PROTESTERS DOUSE BOULDER BOOK ROAST Rocky Mountain News More books were stolen than burned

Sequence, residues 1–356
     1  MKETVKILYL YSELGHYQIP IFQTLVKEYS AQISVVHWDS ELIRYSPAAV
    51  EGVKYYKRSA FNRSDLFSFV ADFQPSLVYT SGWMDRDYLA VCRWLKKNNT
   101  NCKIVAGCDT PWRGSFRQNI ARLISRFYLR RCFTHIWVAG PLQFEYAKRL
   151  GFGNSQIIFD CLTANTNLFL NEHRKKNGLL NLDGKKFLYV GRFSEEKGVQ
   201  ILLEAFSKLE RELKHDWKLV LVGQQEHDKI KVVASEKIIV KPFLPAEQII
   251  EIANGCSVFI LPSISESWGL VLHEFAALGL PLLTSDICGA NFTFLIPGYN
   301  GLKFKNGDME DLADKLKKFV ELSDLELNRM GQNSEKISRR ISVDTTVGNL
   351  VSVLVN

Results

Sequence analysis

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PROTESTERS DOUSE BOULDER BOOK ROAST Rocky Mountain News More books were stolen than burned last night at a fundamentalist rally in Boulder that disintegrated into a shouting match between more than 250 supporters and protesters. The Rev. Maurice Gordon, pastor of Denver's Lovingway United Petecostal Church, and the Rev. Philip Day, pastor of Boulder United Pentecostal Church, which hosted the ideological inferno, had planned to burn about 40 books and 22 booklets dealing with mysticism and the occult. However, all but three of the books were pilfered by a throng of poster-carrying, slogan-chanting protesters who swiped the books from a pile on the ground outside the church where Gordon and Day were attempting to speak to the rowdy dissenters. "They stole them right out from under us," Gordon said after a circuslike ceremony. Only Shirley MacLaine's _Out_on_a_Limb_, Sarah Lyddow Morrison's _The_Modern_Witch's_Spellbook_ and Barbara Marx Hubbard's _Happy_ Birthday_Planet_Earth_ were ignited--if only briefly. It wasn't long after Gordon had the books burning in a modified barbecue grill that protesters doused the flames with a fire extinguisher and overturned the smoldering grill. Gordon said he figured there would be a mob at the event but was surprised at the groups unruliness. He said the crowd was giving Boulder a reputation as "a hangout for heathens." And Day said the rowdy crowd characterized the city's "spiritual darkness." The ill-fated book burning characterized the evening, during which legitimate conflicts between right-wing fundamentalism and left-wing liberalism took a back seat to hecklers and the spectacle of white- hooded female zealots who called themselves "The Klanettes." Outfitted in white slacks and sweaters and conehead-style masks, the Klanettes acted as unofficial cheerleaders for the event. While refusing to give their names, one of the Klanettes summed up the group's goal: "Any time there's hatred and bigotry, that's where we'd like to be." Doug Johnson of Denver took the evening's honors for most visible and vocal protester. Armed with an American flag, Johnson heckled Day and Gordon from a distance of about 2 feet. His antics clearly rattled both men, but Johnson said his purpose in attending was not to insult. "I just don't like the constitutional statement they're making here tonight," he said. Jim Nichols of Boulder was one of the few people who didn't take sides. He said the lively exchange of barbs and ideas was healthy, no matter the ideological motivation. "The guy's got a right to do this," Nichols said of the book burning. "This is what the constitution an democracy are all about." Gordon stopped short of calling the event a failure, but added that the actions of the rowdy crowd were in fact a cry for help. Gordon said he and Day would continue to work toward a spiritual awakening of the Denver-area population, but did not cite specific plans. BOULDER HECKLERS MAKE BOOK BURNING TRULY TORRID AFFAIR The Denver Post It was billed as a book burning, but it turned out to be a roast. The Rev. Phil Day's attempt to drive the devil out of Boulder--by burning what he considers Satanic materials--attracted a handful of supporters and an entire flock of hecklers to his north Boulder church. "For God's sake, Phil, get some therapy!" screamed a man in the crowd. "Only bozos burn books!" yelled another. One woman held a sign: "Burning books is easy. Reading them takes intelligence." If Day was troubled by the commotion, he didn't let on. He seemed content to swap insults. "We might be burning some books tonight, but soon, God will be burning you," Day told the crowd of about 200. For nearly two hours, the banter continued. Because of fears that his book-burning party would violate a Boulder ordinance, Day had disguised his effort as a picnic. He assembled hot dogs, hamburgers and marshmallows alongside a Weber grill filled with hot coals. But the crowd had other plans. They doused the coals with water and spilled them on the ground. Still, Day was unflappable. "I'm afraid you're upset because you enjoy the things of the devil," he taunted. Among the "things of the devil" that Day had scheduled for incineration Saturday night were three titles that were pure Boulder: "An Introduction to Yoga," "The Handbook to Higher Consciousness," and "Make ESP Work for You." Day was too busy trading barbs with the crowd to speak with reporters, but his wife expained that those books really are dangerous. "You have to understand what's behind them," Barb Day said. "It wouldn't be clear just from reading the titles." Although she agreed that her husband probably had set himself up for a confrontation, she defended his efforts. "We are not against reading and we are not against thinking," she said. "Everyone should have a right to their own philosophy. But I'm not surprised how this turned out." After Day tired of the routine, he turned center stage over to the Rev. Maurice Gordon of Denver, no stranger himself to unusual events. "If ever there was a city that needs a moral awakening, it is the city of Boulder," Gordon preached. Then he invited the crowd to attend church services. "I assure you, you will be treated better than you treated us." ------------------------------------------------------------------- As a personal aside, I think there is nothing more horrible and disgusting than burning books. I'd even save "Nomads of Gor" and "In Search of Ancient Astronauts." But I might bend my scruples to do as a friend suggested and take a Bible to such an event and toss it on--just to see these geeks jump.

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